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Maryland women’s basketball’s pipeline of pro talent shined in WNBA ‘Wubble’

A trio of former Terps helped carry the Connecticut Sun to WNBA Semifinals, defying preseason expectations.

Connecticut Sun v Las Vegas Aces - Game Five Photo by Ned Dishman/NBAE via Getty Images

Two weeks ago, the Connecticut Sun, a team easily identifiable as the hotbed of Maryland women’s basketball alumni in the WNBA, were eliminated by the Las Vegas Aces in the Eastern Conference Semifinals.

After spending over three months in what was trademarked as the “Wubble” at IMG Academy’s campus in Bradenton, Florida, former Terps Alyssa Thomas, Brionna Jones and Kaila Charles saw their season — easily the most unusual in league history amid the COVID-19 pandemic — come to a close.

As one would expect, the entire team echoed its disappointment with falling one game short of reaching the Finals for the second straight year.

While the team would likely beg to differ, the Sun weren’t expected to be here, at least by most. The organization underwent significant personnel changes in the offseason, bringing in 2020 WNBA Second Team selection DeWanna Bonner along with numerous other pieces, while a pair of consistent scorers in Courtney Williams and Shekinna Stricklen left to join the Atlanta Dream.

Then, prior to the start of the bubble season, Jonquel Jones, the team’s leading scorer, opted out due to concerns surrounding COVID-19. With the loss of their star player, the Sun entered the year with the same number of returning players as newcomers, including nine with less than two seasons of experience on the roster.

Establishing chemistry and a new team identity was expected to present some challenges, especially since there was no training camp or preseason games due to the pandemic. But the group, led by head coach Curt Miller, pushed past an 0-5 start to land the No. 7 seed in the playoffs. The Sun then easily defeated the favored Chicago Sky and Los Angeles Sparks in the two single elimination rounds to will their way to the semifinals. The trio of Terps played a sizable role throughout the saga.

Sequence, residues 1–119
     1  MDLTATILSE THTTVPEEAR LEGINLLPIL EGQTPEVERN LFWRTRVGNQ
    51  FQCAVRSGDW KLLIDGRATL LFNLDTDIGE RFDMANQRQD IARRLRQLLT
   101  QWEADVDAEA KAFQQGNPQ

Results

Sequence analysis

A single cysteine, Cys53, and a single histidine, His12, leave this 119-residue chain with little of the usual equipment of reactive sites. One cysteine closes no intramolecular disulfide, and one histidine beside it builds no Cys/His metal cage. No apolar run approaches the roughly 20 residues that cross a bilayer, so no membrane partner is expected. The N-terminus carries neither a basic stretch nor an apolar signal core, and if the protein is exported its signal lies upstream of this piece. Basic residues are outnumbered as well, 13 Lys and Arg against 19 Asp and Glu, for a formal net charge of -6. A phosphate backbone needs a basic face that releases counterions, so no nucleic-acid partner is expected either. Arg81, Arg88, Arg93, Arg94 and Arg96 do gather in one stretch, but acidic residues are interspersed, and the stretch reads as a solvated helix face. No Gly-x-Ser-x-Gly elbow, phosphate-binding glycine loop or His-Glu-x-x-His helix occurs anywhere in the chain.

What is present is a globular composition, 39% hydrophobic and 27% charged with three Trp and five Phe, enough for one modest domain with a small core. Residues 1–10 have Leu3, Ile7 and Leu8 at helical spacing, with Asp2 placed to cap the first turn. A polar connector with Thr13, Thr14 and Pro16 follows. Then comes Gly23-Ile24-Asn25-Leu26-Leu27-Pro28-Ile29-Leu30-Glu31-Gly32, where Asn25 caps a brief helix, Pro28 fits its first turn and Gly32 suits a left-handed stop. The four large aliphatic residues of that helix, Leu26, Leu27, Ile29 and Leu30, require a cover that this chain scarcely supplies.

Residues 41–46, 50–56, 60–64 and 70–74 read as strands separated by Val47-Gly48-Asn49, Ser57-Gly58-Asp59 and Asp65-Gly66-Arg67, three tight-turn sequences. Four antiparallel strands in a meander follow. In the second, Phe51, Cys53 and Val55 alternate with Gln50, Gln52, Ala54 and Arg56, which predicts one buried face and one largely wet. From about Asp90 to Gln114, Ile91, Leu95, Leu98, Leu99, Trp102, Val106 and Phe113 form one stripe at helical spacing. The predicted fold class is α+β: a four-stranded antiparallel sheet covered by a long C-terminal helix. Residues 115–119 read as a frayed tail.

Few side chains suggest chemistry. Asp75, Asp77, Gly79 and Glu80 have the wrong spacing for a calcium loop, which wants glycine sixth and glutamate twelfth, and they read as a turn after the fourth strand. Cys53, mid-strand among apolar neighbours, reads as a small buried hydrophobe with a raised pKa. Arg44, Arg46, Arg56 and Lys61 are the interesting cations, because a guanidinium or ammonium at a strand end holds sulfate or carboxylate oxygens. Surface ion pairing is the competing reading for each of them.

“I know one of the things with Curt Miller, you know through the years and the conversations that we’ve gotten to have, is he loves how our players transition,” Maryland women’s basketball head coach Brenda Frese told Testudo Times. “He knows that they’re team players, they know how to win and they handle their business off the court.”

Thomas took that concept to a new level this season as she entered 2020 as the team’s top returning scorer and rebounder. With Jonquel Jones out, she stepped up to carry more of the load on the court and also served as a key leader throughout the Sun’s stay at the isolated IMG Academy campus, which began back in July.

The seven-year pro proved she was ready to take that leap and guide the team past its initial hump to start the season — though don’t let it be forgotten that she’s been a top player in the league prior with two All-Star selections.

“She runs the team,” Jasmine Thomas said after one of the semifinal games. “We play through her. We feed off of her energy on offense and on defense.”

Las Vegas Aces v Connecticut Sun - Game Three Photo by Julio Aguilar/Getty Images

Thomas produced career highs across the board, averaging 15.5 points, 9.0 rebounds, 4.8 assists and 2.0 steals per game in the regular season. Come the playoffs, she put up 18.1 points, 8.1 rebounds, 4.0 assists and 1.7 steals per game. If it weren’t for a dislocated shoulder in game four of the series against the Aces — more on that later — those numbers would have jumped to 20.8, 9.5, 4.7 and 2.0 a contest.

“I still think she doesn’t get as much notoriety as she should,” Frese said of Thomas. “People are starting to understand what a special kind of player she is, but she continues to show it every time she steps out on the floor.”